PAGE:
Turn a Harry Potter Book into a Knowledge Graph

Learn how to combine Selenium and SpaCy to create a Neo4j knowledge graph of the Harry Potter universe

Most likely, you have already seen the Game of Thrones network created by Andrew Beveridge.

Andrew constructed a co-occurrence network of book characters. If two characters appear within some distance of text between each other, we can assume that they are somehow related or they interact in the book.

I decided to create a similar project but choose a popular book with no known (at least to me) network extraction. So, the project to extract a network of characters from the Harry Potter and the Philosopher’s Stone book was born.

I did a lot of experiments to decide the best way to go about it. I’ve tried most of the open-source named entity recognition models to compare which worked best, but in the end, I decided that none were good enough.

Luckily for us, the Harry Potter fandom page contains a list of characters in the first book. We also know in which chapter they first appeared, which will help us even further disambiguate the characters.

Armed with this knowledge, we will use SpaCy’s rule-based matcher to find all mentions of a character. Once we have found all the occurrences of entities, the only thing left is to define the co-occurrence metric and store the results in Neo4j.

We will use the same co-occurrence threshold as was used in the Game of Thrones extraction. If two characters appear within 14 words of each other, we will assume they have interacted somehow and store the number of those interactions as the relationship weight.


  1. Scrape Harry Potter fandom page
  2. Preprocess book text (Co-reference resolution)
  3. Entity recognition with SpaCy’s rule-based matching
  4. Infer relationships between characters
  5. Store results to Neo4j graph database

I have prepared a Google Colab notebook if you want to follow along.

Harry Potter Fandom Page Scraping

We will use Selenium for web scraping. As mentioned, we will begin by scraping the characters in the Harry Potter and the Philosopher’s Stone book. The list of characters by chapter is available under the CC-BY-SA license, so we don’t have to worry about any copyright infringement.

We now have a list of characters with information on which chapter they first appeared. Additionally, each of the characters has a web page with detailed information about the character.

Hermione Granger

For example, if you check out the Hermione Granger page, you can observe a structured table with additional information. We will use the alias section for the entity extraction and add other character details like house and blood type to enrich our knowledge graph.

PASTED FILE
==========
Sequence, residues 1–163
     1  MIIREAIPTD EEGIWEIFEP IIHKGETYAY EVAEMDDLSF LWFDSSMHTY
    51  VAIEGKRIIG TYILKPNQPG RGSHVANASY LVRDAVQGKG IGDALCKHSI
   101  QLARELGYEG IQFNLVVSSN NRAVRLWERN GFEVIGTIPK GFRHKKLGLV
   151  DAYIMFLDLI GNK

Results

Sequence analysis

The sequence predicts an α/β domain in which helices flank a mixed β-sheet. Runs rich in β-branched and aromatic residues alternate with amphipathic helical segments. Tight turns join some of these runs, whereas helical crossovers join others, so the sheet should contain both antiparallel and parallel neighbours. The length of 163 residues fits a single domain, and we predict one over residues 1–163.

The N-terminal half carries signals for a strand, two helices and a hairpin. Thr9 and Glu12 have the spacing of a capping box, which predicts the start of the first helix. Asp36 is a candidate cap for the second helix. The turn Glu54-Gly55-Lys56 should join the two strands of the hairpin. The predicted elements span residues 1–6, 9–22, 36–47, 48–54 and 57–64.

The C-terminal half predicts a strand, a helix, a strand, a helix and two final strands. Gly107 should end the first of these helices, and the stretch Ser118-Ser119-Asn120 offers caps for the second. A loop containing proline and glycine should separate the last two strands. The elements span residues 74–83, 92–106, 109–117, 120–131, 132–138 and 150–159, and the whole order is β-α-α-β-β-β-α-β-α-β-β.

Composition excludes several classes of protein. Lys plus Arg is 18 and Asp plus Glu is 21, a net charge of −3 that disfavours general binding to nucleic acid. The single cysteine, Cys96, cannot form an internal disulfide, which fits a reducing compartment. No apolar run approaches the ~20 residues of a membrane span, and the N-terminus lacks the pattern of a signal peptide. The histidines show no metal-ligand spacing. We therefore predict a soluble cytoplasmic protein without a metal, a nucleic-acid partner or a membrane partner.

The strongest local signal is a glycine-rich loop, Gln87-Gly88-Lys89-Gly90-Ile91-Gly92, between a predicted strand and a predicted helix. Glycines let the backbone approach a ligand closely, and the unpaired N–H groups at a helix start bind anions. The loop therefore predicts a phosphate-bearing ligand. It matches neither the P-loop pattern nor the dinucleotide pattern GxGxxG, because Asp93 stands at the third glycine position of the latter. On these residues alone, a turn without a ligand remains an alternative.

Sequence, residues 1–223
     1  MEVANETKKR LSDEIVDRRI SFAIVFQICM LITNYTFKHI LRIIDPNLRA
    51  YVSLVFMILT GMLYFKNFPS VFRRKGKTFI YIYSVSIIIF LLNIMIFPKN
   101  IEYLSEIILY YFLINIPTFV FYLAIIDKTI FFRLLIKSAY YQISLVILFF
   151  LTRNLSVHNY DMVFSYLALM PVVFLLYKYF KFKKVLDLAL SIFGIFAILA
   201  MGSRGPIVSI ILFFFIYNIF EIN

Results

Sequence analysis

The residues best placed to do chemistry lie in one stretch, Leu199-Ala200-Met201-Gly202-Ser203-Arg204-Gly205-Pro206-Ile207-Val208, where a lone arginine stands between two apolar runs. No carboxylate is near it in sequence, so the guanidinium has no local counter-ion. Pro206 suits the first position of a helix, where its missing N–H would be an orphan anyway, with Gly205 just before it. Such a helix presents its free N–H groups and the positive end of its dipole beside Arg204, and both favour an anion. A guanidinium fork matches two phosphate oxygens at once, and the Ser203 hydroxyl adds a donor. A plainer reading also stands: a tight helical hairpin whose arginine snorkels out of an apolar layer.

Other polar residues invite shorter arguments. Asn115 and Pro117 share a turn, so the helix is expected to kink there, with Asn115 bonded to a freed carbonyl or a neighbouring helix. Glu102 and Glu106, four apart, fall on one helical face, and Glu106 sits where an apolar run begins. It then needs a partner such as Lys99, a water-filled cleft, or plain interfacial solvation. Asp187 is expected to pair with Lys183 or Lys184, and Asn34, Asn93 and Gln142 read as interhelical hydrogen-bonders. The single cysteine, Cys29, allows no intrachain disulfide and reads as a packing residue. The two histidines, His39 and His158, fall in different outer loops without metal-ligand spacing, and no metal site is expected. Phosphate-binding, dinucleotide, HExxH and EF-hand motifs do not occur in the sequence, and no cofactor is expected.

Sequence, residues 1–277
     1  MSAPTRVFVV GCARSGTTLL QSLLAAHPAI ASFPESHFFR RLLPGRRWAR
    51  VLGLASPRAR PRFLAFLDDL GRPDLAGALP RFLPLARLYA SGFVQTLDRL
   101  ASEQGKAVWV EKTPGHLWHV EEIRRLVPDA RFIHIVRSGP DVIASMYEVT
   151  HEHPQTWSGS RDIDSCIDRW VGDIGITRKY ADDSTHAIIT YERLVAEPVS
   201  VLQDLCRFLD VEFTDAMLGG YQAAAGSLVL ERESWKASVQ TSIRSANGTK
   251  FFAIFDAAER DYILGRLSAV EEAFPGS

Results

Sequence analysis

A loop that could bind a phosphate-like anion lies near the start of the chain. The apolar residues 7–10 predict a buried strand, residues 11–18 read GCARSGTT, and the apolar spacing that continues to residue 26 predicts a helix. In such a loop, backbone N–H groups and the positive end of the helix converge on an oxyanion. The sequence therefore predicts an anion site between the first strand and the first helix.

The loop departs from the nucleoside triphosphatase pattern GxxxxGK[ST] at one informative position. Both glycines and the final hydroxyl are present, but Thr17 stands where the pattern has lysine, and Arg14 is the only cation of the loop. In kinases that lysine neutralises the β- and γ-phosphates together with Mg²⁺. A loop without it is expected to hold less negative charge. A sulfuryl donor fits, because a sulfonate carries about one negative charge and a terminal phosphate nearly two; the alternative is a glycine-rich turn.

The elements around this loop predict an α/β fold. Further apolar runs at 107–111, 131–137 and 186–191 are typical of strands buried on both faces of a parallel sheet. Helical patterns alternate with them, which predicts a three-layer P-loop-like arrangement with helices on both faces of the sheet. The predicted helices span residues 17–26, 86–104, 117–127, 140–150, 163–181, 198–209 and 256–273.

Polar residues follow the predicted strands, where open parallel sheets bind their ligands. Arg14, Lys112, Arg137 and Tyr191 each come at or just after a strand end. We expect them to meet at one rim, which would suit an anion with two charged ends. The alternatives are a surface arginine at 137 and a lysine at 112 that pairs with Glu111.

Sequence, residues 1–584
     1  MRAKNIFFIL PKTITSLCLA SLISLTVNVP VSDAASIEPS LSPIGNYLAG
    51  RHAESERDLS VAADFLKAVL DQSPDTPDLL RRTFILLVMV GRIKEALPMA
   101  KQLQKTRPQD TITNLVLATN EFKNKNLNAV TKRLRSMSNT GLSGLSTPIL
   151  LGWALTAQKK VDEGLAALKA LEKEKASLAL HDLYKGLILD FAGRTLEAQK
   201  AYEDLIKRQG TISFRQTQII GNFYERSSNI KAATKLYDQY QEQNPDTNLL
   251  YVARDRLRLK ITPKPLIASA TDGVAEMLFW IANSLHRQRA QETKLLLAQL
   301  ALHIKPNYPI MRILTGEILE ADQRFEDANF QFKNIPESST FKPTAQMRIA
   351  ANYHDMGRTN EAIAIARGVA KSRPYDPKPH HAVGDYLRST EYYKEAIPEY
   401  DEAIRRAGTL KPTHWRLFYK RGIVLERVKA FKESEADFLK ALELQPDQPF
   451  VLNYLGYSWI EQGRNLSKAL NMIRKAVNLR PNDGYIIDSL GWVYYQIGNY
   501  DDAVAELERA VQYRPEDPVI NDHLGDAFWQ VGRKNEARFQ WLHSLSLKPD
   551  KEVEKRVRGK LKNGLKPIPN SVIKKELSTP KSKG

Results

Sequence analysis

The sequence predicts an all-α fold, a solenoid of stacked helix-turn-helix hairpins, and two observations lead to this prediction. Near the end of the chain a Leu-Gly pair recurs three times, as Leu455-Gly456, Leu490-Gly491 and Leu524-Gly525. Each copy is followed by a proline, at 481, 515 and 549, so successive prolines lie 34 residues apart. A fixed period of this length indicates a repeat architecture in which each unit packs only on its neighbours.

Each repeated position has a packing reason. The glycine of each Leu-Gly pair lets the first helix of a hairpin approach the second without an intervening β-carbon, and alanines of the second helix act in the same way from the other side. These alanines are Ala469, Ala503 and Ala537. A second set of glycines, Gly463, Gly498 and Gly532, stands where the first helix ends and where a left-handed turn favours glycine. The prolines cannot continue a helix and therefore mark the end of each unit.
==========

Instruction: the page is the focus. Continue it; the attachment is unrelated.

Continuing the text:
I haven’t added all code used to enrich information in this gist for readability and clarity. I have also added some exceptions for aliases. For example, Harry Potter has the following alias:

We want to ignore all the aliases under the disguise of Polyjuice. It seems he also told Stanley Shunpike that he was Neville Longbottom, which we will also skip.

Before we continue with named entity extraction from the book, we will store the scraped information about the characters to Neo4j.


  • name
  • url
  • aliases
  • nationality
  • blood-type
  • gender
  • species


  • House
  • Loyalty
  • Family

If you have some experience with Cypher, you might have noticed that we have stored information such as blood, gender, aliases, but also family and loyalty relationships to our graph.

Example subgraph of Hermione Granger. Image by the author with Neo4j Bloom.

It seems that Hermione Granger is also known as Little Miss Perfect and is loyal to the Society for the Promotion of Elfish Welfare. Unfortunately, the data has no timeline, so Fred Weasley is already brother-in-law to Little Miss Perfect.

Text Preprocessing

First of all, we have to get our hands on the text from the book. I’ve found a GitHub repository that contains the text of the first four Harry Potter books.

There is no license attached to the data, so I will assume we can use the data for educational purposes within the limits of fair use. If you actually want to read the book, please go and buy it.

Getting the text from a GitHub file is quite easy:

We have to be careful to provide the link to the raw text content, and it should work.

When I first did the entity extraction, I forgot to use the co-reference resolution technique beforehand. Co-reference resolution is the task of determining linguistic expressions that refer to the same real-world entity.

In simple terms, we replace the pronouns with the referenced entities.

For a real-world example, check out my Information extraction pipeline post.

From text to knowledge. The information extraction pipeline

I’ve been searching for open-source co-reference resolution models, but as far as I know, there are only two. The first is NeuralCoref that works on top of SpaCy, and AllenNLP provides the second model. Since I have already used NeuralCoref before, I decided to look at how the AllenNLP model works.

Unfortunately, I quickly ran out of memory (Colab has 16GB RAM) when I input a whole chapter into the AllenNLP model. Then I sliced a chapter into a list of sentences, but it worked really slow, probably due to using the BERT framework.

So, I defaulted to use NeuralCoref, which can easily handle a whole chapter and works faster. I have copied the code I have already used before:

Now that we have our text ready, it is time to extract mentioned characters from the text.

Entity Recognition with SpaCy’s Rule-Based Matching

First, I wanted to be cool and use a Named Entity Recognition model. I’ve tried models from SpaCy, HuggingFace, Flair, and even Stanford NLP.

None of them worked well enough to satisfy my requirements. So instead of training my model, I decided to use SpaCy’s rule-based pattern matching feature.

We already know which characters we are looking for based on the data we scraped from the HP fandom site. Now we just have to find a way to match them in the text as perfectly as possible.